Devlog #3: Review of and my takeaways from „Strayed“ (by Adventure Cow)

With my writing, I learnt more from reading books than from taking creative writing classes. And I feel the same way about Interactive Fiction: Playing games of other creators helps me improve on storytelling, pace, mechanics, look n feel, etc. The last game I played is called Strayed and was created by Adventure Cow. This is my review as well as a roundup of what I’m taking away from it for myself. Spoiler: I liked it, but I have my fair share of criticism.

About the story

You are in your car on your way home, when you happen upon a forrest. On your way into it, you hear about strange sightings in the woods. Then you run into a wild animal…

I really don’t want to say more, because for one, the way the story develops from here depends on the player, and revealing more would spoil the fun of experiencing the haunting story Adventure Cow have created.

I really enjoyed the 20 odd minutes each run took. Right from the word go, the narration pulls you into the story. I couldn’t wait to find out the secrets lying behind the mysterious happenings in said forest, and every time I finished a run, I restarted the game to take a different path of choices.

And I wasn’t disappointed. Strayed is Interactive Fiction as I like it: You need several runs to get the big picture, but each run has a satisfying ending on its own, depending on the choices you make.

About the execution

The version I played was for Android – I bought it on Google Play. I was quite happy the developers provided night mode, because reading it on dark background actually did contribute to the haunting atmosphere. Stupid, really, as I’ve read tons of horror literature on white paper in books. But somehow, when I play Interactive Fiction, I’ve come to expect the execution to somehow resemble the theme of the game. But I’m getting carried away. So I loved night mode.

The design of the game is pretty simple. Text on background. No images. That’s it. And that’s ok, as the writing does all the work. I don’t really need sound or visuals in Interactive Fiction, in fact, I prefer it when the game is realized purely in HTML and CSS. Because, let’s face it, if I want visuals or sounds, I’ll just play a normal video game. The point of IF being, for me at least, that you’re playing a book. So Strayed’s all good on that side. Sure, personally I’d have preferred for the header to disappear while playing but that’s just me. I was captivated by the story nonetheless.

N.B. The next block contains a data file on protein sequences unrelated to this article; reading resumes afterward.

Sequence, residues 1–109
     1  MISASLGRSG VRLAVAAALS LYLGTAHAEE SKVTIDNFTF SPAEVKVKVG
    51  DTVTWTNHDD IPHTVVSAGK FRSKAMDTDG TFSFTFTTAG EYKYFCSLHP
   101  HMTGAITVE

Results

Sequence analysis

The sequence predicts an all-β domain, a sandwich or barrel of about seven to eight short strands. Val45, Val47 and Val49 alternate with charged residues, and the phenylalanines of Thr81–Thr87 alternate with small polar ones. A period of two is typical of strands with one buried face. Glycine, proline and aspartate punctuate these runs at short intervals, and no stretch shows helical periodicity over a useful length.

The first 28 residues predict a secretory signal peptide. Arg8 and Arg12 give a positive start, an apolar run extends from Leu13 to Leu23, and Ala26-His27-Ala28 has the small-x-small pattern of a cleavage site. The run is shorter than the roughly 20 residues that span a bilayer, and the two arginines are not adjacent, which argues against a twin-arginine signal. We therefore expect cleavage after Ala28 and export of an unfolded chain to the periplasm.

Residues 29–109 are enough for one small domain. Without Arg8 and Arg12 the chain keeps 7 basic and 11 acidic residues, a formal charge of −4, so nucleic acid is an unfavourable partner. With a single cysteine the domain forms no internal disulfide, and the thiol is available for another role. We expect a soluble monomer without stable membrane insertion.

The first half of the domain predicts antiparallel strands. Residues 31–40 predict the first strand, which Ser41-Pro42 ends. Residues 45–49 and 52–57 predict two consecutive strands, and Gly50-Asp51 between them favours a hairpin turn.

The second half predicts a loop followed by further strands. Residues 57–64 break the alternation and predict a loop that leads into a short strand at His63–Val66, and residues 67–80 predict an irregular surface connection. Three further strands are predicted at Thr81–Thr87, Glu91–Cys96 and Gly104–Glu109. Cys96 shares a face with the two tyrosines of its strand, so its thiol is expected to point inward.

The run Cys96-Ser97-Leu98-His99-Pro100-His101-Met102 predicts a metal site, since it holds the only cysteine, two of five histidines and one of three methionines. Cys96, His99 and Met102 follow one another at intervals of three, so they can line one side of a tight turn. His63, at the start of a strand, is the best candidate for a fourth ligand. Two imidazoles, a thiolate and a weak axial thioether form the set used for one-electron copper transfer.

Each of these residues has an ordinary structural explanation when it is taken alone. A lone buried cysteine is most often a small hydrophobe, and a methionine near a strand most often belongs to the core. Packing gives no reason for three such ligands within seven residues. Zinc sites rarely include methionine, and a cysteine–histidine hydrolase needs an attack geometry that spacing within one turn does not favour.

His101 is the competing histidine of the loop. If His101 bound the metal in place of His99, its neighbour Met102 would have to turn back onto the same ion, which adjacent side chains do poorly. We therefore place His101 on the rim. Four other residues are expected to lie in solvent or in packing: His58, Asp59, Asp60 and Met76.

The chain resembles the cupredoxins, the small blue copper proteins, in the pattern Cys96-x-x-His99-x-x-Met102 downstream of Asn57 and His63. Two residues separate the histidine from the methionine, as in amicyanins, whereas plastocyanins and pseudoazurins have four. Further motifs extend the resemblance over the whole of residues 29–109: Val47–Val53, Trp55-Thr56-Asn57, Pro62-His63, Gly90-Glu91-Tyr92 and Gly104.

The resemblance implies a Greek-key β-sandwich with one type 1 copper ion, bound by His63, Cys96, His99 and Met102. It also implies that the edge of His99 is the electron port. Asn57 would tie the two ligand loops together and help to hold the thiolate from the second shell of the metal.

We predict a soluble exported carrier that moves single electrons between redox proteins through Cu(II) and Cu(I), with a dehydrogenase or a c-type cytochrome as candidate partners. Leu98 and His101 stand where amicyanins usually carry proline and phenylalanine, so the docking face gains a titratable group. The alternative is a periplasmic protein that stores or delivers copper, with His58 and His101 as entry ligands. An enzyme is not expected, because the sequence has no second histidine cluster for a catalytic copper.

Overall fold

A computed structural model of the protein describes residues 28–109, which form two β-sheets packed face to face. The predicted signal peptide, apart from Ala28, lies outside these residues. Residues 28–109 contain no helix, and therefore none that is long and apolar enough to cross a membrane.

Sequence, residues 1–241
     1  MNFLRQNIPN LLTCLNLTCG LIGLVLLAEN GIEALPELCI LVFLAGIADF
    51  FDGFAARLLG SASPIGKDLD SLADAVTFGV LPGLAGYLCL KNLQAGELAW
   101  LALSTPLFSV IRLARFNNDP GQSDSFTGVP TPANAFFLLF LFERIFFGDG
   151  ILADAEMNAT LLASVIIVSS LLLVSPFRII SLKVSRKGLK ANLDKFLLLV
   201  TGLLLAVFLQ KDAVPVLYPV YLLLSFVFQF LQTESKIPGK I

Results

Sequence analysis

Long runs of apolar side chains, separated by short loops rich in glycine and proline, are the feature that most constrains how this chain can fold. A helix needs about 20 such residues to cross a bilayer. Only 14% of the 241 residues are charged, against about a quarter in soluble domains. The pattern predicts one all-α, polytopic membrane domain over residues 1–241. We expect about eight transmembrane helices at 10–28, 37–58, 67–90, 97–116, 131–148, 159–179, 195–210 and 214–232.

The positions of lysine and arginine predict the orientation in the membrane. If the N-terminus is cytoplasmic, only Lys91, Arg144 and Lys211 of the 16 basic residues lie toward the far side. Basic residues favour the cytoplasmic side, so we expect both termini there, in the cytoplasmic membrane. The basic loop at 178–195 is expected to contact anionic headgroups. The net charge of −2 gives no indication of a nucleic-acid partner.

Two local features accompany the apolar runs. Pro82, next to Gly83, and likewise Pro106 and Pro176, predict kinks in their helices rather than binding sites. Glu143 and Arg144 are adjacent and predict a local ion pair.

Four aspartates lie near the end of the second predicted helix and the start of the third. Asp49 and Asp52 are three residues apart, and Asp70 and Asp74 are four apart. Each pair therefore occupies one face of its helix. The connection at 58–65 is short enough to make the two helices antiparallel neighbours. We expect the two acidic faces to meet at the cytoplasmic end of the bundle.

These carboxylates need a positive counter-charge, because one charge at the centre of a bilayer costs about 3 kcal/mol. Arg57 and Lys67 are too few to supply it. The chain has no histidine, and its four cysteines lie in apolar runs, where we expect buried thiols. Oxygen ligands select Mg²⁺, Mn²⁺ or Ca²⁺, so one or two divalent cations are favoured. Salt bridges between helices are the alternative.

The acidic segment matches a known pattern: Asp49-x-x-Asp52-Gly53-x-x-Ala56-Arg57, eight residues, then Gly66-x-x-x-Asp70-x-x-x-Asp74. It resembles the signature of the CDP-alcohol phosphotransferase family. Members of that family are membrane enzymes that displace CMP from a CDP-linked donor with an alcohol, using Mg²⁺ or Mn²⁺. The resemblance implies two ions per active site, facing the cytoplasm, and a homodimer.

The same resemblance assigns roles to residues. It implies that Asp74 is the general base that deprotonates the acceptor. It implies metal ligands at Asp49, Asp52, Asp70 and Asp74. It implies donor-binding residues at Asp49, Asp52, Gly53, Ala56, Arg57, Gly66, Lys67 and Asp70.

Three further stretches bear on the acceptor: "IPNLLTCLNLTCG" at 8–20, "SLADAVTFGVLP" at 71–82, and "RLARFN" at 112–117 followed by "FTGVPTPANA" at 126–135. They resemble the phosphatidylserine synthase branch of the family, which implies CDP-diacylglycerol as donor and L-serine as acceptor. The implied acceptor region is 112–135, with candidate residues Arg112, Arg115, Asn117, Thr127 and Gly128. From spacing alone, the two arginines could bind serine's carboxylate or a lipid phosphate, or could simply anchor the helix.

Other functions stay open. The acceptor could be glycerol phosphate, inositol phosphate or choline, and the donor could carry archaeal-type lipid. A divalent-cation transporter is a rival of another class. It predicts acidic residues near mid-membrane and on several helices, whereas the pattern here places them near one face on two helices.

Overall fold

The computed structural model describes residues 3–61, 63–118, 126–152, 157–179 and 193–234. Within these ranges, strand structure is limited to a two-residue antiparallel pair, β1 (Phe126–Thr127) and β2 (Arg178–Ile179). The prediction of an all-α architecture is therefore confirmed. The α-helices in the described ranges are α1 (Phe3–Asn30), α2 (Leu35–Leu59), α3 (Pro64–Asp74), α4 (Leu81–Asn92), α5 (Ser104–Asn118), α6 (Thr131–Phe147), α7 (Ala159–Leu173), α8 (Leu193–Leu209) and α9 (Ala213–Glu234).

What I didn’t like about the execution was one particular feature: parts of the narration are variables that change depending on your choices – so far, so normal. In the case of Strayed, these story variables are underlined which disconcerted me in the beginning. In my upcoming game (and in other IF games), in-line text that is underlined (or marked-up in any other way) normally reveals complemental narration or relevant information. In Strayed, nothing happens after a click. It’s just underlined, static text, which I found to be a nuisance.

I’m not quite sure what the reason is that Adventure Cow decided to underline text, but for me, it somehow broke the immersion. Whilst playing, I don’t really want to know what I changed, I like these kind of things to be organic (in narration, that is; I’m not talking about stats).

Maybe the creators would like to comment on this, we’ll see, because I really would like to know the reason behind this decision.


If you’re into Interactive Fiction and you like mystery or even horror, you should try Strayed. The writing is stellar and it has great replay value. It’s not the most innovative game on the market, far from it – but I’m guessing that wasn’t the intention anyway. It is a nice story and enjoyable IF experience.


  • Good writing is key – if the writing is good, the look and feel are only secondary
  • That said, there were one or two points in the game where I thought, hey, I would’ve loved to have say in this decision or this development. This made me go back and take a closer look at my narration. The last thing I want to do is to take my players hostage. I wrote about this particular subject in this devlog. Of course you have to stay in control of your story and it’s an economical question as well, but I want to avoid narration where I override the player too often.
  • In my game, I’ll opt to not reveal the story variables in play (except for stats et al). But I’d love to hear thoughts from other players, how they experienced this particular aspect in Strayed.
  • The whole product – from the game itself to marketing and presentation – is very, very professional. Adventure Cow are a model to follow.

What did you think of the game? And what would you like to see in an IF survival horror game? I’m currently working on American Angst, a text-based survival horror game. Find out more.

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